A bit of gratitude
November 10, 2006
Dressed in full uniform, Staff Sgt. Jason Hillman stood surrounded by his fellow soldiers on Friday morning. His spit-shined black boots walked between the headstones as he helped his children place flags on the graves of veterans at Lone Mountain Cemetery.
“It’s sad that I didn’t get to shake each one of their hands,” Hillman said. “This is as close as I can get.”
While he has always appreciated the tradition of placing flags, it took on new meaning for him two years ago.
“A good friend of mine since we were little kids and I joined the Army together. He was killed April 4, 2004. I consider him my brother and since then, it’s meant more to me,” Hillman said.
The 26-year-old recruiter from Carson City said that despite the risks, serving his country is in his blood. His grandfather served in World War II and his uncle was in Vietnam.
Hillman has served for nine years and re-enlisted twice, once while deployed in Iraq. He has been deployed overseas three times, once in Afghanistan and twice in Iraq, including a year in Baghdad.
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“The military is a great life,” he said. “There’s a lot of benefits to being in the military. There’s no prouder way to be an American.”
Hillman watched as his 7-year-old twins Kayla and Jacob as they helped 4-year-old Nathan stick flags by the headstones.
“I don’t want history to die, and if I teach them then it won’t. This is why they served, this is what they were protecting,” Hillman said.
Hillman’s wife, Jessica, said that even though it’s hard sometimes, she understands her husband’s desire to serve.
“It’s stressful, but he wants to serve his country and I knew that when I married him. It’s very, very hard and very stressful, but you just have to grit your teeth and stick through it. I’m so proud of him and all he’s done,” Mrs. Hillman said.
Hillman’s family was joined by Sean Gibbons, 17, who wanted to do something to show his support of veterans.
“They fought for their country. It’s the least we can do for them,” Gibbons said.
The group placed approximately 100 flags on the stones Friday morning and was headed out to buy more and return in the afternoon.
In addition to the tradition and patriotism inherent in Nov. 11, today also holds a special meaning for Staff Sgt. Hillman.
It’s his birthday.
• Contact reporter Jarid Shipley at firstname.lastname@example.org or 881-1217.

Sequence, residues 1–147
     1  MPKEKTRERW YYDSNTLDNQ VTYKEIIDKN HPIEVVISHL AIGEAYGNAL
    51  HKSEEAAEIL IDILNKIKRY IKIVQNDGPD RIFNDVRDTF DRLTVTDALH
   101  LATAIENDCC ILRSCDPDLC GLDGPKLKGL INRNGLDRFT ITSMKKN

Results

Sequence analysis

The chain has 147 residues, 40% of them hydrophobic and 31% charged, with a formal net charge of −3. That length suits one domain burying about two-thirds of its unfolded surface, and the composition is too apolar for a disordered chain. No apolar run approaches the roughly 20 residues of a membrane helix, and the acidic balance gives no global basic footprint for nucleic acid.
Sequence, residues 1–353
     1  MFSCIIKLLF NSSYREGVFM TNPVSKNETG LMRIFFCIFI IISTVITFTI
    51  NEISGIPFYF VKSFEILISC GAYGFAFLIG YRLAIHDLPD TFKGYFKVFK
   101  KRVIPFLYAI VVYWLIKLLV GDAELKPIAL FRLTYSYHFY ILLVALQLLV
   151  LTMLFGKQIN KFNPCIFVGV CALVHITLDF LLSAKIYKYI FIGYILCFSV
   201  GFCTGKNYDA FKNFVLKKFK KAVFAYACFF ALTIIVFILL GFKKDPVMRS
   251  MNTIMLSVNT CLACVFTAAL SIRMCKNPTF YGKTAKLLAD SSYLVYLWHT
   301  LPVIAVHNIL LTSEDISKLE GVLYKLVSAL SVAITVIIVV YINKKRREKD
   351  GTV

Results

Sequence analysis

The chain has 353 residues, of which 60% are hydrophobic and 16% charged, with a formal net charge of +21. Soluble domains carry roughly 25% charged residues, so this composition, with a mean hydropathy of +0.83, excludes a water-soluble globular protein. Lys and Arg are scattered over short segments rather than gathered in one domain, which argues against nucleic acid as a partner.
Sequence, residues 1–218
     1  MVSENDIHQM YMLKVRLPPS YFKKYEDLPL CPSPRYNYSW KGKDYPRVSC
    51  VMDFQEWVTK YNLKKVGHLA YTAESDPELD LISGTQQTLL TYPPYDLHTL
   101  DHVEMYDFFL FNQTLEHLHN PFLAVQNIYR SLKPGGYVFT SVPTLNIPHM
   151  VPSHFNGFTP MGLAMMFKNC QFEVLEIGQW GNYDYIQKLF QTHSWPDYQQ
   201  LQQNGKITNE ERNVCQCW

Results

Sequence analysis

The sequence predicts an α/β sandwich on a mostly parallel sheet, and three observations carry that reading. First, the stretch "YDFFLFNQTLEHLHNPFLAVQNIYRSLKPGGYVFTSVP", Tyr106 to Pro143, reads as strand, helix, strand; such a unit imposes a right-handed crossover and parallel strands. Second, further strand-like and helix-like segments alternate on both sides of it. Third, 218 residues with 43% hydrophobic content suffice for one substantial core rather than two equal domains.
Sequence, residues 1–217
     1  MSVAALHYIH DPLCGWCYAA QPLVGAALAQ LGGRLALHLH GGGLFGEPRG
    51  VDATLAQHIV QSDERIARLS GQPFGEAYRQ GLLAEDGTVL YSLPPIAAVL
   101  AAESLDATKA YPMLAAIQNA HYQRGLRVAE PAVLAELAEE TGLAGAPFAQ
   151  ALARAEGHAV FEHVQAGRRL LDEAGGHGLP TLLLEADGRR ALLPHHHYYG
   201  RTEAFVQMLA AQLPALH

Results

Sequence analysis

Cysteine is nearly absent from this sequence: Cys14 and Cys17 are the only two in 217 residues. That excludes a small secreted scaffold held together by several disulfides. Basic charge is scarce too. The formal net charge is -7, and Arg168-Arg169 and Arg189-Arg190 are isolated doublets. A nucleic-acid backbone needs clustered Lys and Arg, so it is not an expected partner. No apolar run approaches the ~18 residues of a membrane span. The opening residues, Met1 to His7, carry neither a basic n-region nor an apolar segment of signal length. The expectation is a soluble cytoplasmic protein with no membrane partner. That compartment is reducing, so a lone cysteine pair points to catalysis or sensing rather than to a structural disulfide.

Navy League Veteran’s Day Dinner
Dinner is from 5:30-7:30 p.m. today at the Pinon Plaza, Highway 50 East. Annual tribute to the nation’s veterans; with military ceremonies. Speaker is RDML Pat McGrath, deputy director, Navy Region Southwest. Call for reservations, 882-5205.
Carson City Elks Lodge No. 2177 Veterans Dinner
Dinner is at 6 p.m. today at the Elks Lodge, 515 N. Nevada St. Cost $6 per person; veterans with card free. Menu is spaghetti with meatballs, Caesar salad, cheesy garlic bread and dessert. Proceeds to Carson City Senior Citizens Center’s Adopt a Senior Veteran in the Meals on Wheels program. Call 882-2177.
Veterans Day Parade and Celebration – Virginia City
Parade begins at 11 a.m. today at the Fourth Ward School. Late entries welcome. Parade forms at 10 a.m. at the school. Veterans and active-duty personnel receive discounts on merchandise, meals and drinks in any business that sports an “Armed Forces Appreciation Weekend Participant” sign.
Federal government waiving park fees today
Fees will be waived for veterans and members of the U.S. Armed Forces using public recreation lands managed by the U.S. Bureau of Land Management, the National Park Service, the U.S. Forest Service, U.S. Fish and Wildlife Service, Bureau of Reclamation today.
Veterans Day Parade – Reno
Parade begins at 11 a.m. today. Route covers Arlington Avenue from Fifth Street south to Court Street.
Fourth annual Veterans Day Celebration – Reno
Veterans Guest House, 880 Locust St., Reno. This year’s celebration honors the women who are or have served. The Washoe County School District JROTC Honor Guard will present the colors. Call 324-6958.